Ids too is still uncertain on who to vote for. ‘I think I’ll just have to vote for the least bad one. You always know what you really don’t want, so just vote for something that is at least okay.’
He would like a representative who is actually representative. Most parliament members are from The Hague and other big cities, he observes. ‘The ones from the Randstad will not know a lot about what is going on outside of it. I usually go for a person who is from somewhere smaller and more rural, because it is underrepresented.’
He thinks most of the students around him will vote too. However, he does feel voting has become a bit of a routine. ‘A lot of people don’t care that much. The government has fallen and resigned – voting feels a bit less special. This one lasted like a year, the other before that a year and they took half of that time to even form a parliament.’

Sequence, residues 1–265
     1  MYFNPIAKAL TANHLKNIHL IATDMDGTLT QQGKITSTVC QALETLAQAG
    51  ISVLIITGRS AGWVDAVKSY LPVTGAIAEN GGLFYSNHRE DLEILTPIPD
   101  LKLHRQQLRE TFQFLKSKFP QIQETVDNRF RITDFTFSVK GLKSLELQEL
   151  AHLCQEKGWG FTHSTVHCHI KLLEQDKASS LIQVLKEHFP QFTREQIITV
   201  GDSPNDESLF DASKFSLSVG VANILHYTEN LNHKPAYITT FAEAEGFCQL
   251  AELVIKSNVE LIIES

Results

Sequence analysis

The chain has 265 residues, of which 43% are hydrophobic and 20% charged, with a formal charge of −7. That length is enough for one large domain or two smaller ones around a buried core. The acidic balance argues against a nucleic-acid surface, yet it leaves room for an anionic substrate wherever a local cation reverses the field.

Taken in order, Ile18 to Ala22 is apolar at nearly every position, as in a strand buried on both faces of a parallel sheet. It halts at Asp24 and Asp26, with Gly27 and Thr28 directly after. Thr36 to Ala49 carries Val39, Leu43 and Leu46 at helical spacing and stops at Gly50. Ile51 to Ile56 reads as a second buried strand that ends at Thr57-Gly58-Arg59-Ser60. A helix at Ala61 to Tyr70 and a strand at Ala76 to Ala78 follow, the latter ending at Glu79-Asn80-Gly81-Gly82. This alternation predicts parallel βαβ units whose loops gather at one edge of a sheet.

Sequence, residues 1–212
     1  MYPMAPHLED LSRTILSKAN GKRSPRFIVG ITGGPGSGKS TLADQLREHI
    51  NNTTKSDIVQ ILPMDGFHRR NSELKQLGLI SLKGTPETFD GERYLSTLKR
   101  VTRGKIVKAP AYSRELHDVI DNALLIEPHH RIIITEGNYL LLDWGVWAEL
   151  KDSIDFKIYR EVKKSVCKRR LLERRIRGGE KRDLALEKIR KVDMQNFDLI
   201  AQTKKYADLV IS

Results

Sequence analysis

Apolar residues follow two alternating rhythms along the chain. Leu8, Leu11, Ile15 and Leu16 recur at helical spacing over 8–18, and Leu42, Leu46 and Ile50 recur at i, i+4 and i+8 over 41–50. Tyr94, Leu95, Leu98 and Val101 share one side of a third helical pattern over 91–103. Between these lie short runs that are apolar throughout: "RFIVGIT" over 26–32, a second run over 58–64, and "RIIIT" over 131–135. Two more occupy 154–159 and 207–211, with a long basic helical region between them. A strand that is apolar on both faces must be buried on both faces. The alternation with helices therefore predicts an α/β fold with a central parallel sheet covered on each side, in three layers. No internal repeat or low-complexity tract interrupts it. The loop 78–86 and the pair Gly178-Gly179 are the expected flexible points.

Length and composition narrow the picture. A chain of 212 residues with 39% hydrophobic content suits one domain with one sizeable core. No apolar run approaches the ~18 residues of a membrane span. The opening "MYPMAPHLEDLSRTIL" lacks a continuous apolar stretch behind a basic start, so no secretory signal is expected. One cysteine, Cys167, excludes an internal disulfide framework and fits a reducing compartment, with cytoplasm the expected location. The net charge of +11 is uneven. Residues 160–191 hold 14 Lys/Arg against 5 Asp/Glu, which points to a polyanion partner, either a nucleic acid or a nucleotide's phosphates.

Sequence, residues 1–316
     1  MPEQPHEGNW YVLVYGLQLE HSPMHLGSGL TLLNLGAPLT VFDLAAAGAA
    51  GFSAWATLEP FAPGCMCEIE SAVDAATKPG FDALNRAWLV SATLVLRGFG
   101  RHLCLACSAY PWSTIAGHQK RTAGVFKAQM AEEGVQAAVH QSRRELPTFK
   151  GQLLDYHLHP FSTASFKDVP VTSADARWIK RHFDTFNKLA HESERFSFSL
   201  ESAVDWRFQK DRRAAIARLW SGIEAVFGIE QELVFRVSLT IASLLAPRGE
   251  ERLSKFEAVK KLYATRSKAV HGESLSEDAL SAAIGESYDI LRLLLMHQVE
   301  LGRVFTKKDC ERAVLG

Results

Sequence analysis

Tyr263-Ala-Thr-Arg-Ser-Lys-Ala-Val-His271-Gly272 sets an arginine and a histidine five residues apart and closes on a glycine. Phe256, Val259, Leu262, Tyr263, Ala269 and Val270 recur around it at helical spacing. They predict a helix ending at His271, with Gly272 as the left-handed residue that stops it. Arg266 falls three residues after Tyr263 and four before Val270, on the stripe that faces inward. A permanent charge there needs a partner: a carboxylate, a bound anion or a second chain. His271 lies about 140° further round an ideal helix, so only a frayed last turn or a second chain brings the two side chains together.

The Dutch can be characterised as ‘traditional voters’
Aarts thinks that many have these feelings. ‘Voters are a bit confused about the development of the party system. Everybody sees there is an important change coming, but it is as of yet, very unclear what directions this will take, for example, what kinds of coalitions are they willing to form.’
Still, despite the looming confusion, people will come and do their civic duty. ‘The Dutch can be characterised as “traditional voters”’, he says. ‘In general the Netherlands has always been characterised by traditional voters who are relatively loyal, and there is a high turnout compared to other countries.’
On November 22, Ids and Fabiënne will do their civic duty. ´If you complain about the system, you have to also use your vote to try and change it’, Fabiënne says. ‘Everyone is affected by the government, so I think everyone needs to be involved.’
Ids agrees. ‘I know my vote is one of many, but if everyone thinks their vote doesn’t matter, that can have a massive impact.’